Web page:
Understanding the Tremec 3650 5-Speed Transmission - Transmission Digest

Understanding the Tremec 3650 5-Speed Transmission

The T5 was one of the most widely used transmissions in history. Ford replaced it for the Mustang with the T45, which was used in the Pony cars until 1991. Tremec then designed and got accepted by Ford the Tremec 3650, which replaced the T45 in Ford Mustangs in 1991 and is being used in 2007 production. Figure 1 shows other vehicles in which the 3650 is used.

Understanding the Tremec 3650 5-Speed Transmission

Up To Standards

Subject: Operating principles and diagnosis
Unit: Tremec 3650
Vehicle Applications: Ford Mustang, Falcon Barra (Australia), Tickford Tornado (Australia), MG-Rover 
Essential Reading: Rebuilder, Diagnostician
Author: Mike Weinberg, Rockland Standard Gear, Contributing Editor

Up To Standards

  • Subject: Operating principles and diagnosis
  • Unit: Tremec 3650
  • Vehicle Applications: Ford Mustang, Falcon Barra (Australia), Tickford Tornado (Australia), MG-Rover
  • Essential Reading: Rebuilder, Diagnostician
  • Author: Mike Weinberg, Rockland Standard Gear, Contributing Editor

Our world of transmission repair is ever changing. The one thing you can count on is new technology to support the new models of cars produced by the world’s auto manufacturers. Back in the day, BorgWarner designed and manufactured the T5 and other transmissions for cars and light trucks. BorgWarner decided to exit the standard-transmission business while keeping the transfer-case side of its manufacturing. It sold its manual-transmission business to Tremec, which is a tier-one supplier of transmissions and driveline components based in Mexico, with sales, engineering and warehousing in the United States. Tremec also now owns and manufactures the Spicer line of medium- and heavy-duty truck transmissions. Tremec has state-of-the-art manufacturing plants in Mexico and has been building transmissions for the global auto manufacturers for many years.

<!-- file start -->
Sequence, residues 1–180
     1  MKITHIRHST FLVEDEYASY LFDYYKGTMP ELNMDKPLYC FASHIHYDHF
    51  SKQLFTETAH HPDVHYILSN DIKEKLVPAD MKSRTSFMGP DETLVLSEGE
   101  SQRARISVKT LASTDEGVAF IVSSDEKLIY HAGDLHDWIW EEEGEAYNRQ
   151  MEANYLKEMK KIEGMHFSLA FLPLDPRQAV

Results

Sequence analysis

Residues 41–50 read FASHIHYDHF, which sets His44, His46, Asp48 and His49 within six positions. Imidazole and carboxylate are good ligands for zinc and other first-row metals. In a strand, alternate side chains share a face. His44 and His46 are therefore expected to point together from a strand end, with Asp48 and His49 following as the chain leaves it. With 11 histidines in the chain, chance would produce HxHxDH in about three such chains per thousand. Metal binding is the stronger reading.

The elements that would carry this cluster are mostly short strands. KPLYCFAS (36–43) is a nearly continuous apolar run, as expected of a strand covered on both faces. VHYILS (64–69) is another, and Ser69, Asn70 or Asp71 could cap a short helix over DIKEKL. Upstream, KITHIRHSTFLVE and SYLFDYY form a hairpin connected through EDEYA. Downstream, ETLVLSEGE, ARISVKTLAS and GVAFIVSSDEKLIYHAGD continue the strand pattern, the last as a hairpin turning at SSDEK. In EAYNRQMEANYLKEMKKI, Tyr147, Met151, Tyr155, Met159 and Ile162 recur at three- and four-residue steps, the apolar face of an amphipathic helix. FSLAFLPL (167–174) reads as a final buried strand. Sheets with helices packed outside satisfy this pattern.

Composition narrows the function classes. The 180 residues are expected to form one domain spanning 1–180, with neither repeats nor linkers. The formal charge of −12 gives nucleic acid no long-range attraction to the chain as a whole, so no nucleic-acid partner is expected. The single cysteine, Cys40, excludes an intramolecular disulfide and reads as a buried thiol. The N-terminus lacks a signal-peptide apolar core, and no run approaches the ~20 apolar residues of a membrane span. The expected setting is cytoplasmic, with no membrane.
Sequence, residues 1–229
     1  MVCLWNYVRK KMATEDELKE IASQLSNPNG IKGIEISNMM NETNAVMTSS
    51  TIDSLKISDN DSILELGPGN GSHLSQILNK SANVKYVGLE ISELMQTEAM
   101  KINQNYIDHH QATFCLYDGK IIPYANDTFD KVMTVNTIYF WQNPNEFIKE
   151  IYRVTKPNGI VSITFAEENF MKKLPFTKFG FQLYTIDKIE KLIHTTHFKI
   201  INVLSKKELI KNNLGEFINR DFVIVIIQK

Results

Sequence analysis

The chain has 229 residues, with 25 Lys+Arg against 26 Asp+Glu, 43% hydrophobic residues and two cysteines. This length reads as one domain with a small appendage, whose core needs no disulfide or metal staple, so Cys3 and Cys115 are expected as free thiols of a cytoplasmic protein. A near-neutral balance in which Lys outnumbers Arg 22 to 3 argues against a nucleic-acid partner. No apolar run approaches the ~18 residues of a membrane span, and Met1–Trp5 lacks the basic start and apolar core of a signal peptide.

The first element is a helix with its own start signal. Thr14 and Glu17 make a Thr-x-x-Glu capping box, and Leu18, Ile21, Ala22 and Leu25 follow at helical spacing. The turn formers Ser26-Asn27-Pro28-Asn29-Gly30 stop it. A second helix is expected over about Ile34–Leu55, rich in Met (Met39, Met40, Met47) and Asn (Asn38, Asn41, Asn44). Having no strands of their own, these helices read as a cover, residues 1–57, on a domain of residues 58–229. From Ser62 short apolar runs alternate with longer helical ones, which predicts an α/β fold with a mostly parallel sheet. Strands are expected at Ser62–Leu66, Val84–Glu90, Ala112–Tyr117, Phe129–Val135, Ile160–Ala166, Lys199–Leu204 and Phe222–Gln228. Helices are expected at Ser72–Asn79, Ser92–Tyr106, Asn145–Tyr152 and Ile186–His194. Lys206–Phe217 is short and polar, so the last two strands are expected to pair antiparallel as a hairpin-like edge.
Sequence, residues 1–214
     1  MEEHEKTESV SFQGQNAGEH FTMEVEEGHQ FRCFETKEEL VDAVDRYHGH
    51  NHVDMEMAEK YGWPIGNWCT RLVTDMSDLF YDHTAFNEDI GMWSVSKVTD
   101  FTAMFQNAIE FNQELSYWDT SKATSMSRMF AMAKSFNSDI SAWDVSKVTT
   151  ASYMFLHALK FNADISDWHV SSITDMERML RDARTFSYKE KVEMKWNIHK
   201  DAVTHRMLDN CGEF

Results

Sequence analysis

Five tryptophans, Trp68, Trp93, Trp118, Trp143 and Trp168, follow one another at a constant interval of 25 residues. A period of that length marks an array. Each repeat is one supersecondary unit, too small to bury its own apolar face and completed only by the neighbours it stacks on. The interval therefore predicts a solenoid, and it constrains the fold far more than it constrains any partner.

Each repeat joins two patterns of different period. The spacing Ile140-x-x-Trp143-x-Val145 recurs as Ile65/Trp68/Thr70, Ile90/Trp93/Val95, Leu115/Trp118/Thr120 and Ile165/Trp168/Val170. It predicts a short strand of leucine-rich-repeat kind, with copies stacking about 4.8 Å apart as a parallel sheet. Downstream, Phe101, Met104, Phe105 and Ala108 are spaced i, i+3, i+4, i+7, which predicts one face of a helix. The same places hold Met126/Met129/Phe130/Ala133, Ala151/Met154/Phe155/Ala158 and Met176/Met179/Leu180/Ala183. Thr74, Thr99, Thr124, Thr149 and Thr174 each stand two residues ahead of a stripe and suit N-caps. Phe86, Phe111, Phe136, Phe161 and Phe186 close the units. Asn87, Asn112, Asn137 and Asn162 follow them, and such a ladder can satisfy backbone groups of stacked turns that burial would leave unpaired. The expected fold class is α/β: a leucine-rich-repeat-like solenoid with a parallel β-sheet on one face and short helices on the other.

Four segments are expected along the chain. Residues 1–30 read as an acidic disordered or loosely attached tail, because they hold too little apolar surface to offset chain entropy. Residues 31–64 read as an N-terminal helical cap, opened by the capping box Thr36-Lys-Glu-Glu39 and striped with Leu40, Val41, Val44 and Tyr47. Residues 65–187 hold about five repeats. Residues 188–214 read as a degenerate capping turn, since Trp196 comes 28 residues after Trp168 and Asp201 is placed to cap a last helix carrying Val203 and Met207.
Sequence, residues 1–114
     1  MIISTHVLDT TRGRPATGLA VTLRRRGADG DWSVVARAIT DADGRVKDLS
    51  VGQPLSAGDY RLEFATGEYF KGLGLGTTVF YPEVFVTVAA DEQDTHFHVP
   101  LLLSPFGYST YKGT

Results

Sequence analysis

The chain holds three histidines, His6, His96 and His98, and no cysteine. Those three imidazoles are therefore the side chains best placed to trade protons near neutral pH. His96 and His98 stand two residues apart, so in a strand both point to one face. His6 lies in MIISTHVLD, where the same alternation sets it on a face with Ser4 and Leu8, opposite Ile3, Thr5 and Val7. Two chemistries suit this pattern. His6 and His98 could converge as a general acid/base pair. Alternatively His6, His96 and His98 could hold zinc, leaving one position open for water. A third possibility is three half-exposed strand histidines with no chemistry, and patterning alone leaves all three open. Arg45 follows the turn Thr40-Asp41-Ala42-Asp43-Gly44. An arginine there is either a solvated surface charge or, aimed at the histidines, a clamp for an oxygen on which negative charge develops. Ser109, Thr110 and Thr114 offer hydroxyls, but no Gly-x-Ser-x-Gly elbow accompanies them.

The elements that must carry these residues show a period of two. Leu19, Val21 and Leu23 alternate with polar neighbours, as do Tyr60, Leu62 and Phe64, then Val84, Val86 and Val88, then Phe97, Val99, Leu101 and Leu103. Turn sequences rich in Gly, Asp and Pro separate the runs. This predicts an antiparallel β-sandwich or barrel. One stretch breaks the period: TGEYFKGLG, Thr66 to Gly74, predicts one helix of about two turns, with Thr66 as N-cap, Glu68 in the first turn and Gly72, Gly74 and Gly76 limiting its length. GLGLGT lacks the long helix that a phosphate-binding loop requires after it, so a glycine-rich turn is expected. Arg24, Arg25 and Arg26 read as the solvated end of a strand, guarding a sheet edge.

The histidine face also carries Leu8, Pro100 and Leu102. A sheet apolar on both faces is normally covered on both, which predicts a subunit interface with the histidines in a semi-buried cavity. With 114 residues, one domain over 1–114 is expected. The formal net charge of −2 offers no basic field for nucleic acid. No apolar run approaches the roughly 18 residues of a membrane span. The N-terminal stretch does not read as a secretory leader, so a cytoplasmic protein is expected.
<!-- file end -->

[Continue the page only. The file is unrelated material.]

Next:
The T5 was one of the most widely used transmissions in history. Ford replaced it for the Mustang with the T45, which was used in the Pony cars until 1991. Tremec then designed and got accepted by Ford the Tremec 3650, which replaced the T45 in Ford Mustangs in 1991 and is being used in 2007 production. Figure 1 shows other vehicles in which the 3650 is used.

The 3650 is an evolution of the T45, but there are huge differences in design. Both models have an integral bellhousing, main case and extension housing made of aluminum, and both are five-speeds, with fifth gear overdriven for quiet and fuel-efficient highway cruising. The use of an integral bellhousing offers a stronger unit in terms of case stiffness and torque-handling ability and is generally found to have quieter operation with less NVH (noise, vibration and harshness). The T45 was never intended for use in a Mustang Cobra or Mach 1, and the stronger 3650 replaced it.

The 3650 uses a main shift rail with three internal shift rails to provide six shift positions: first through fifth and reverse. Three spring-loaded shift-rail detents are at the driver-side front of the main case (see Figure 2), and an interlock system (see Figure 3) is mounted at the back of the main case to ensure that the driver can select only one gear at a time.

This unit has an 85mm centerline distance, which is the same as the T56. The centerline distance is measured from the center of the input shaft/mainshaft to the center of the countershaft, and the larger that distance the larger the gears can be made for improved durability and torque ratings. The T45 had an 81mm centerline distance. The factory rates the 3650 at 360 lb.-ft. of torque, which is extremely conservative. I race against Mustangs, which are easily putting out 500-600 lb.-ft. of torque with no ill effects on the transmission.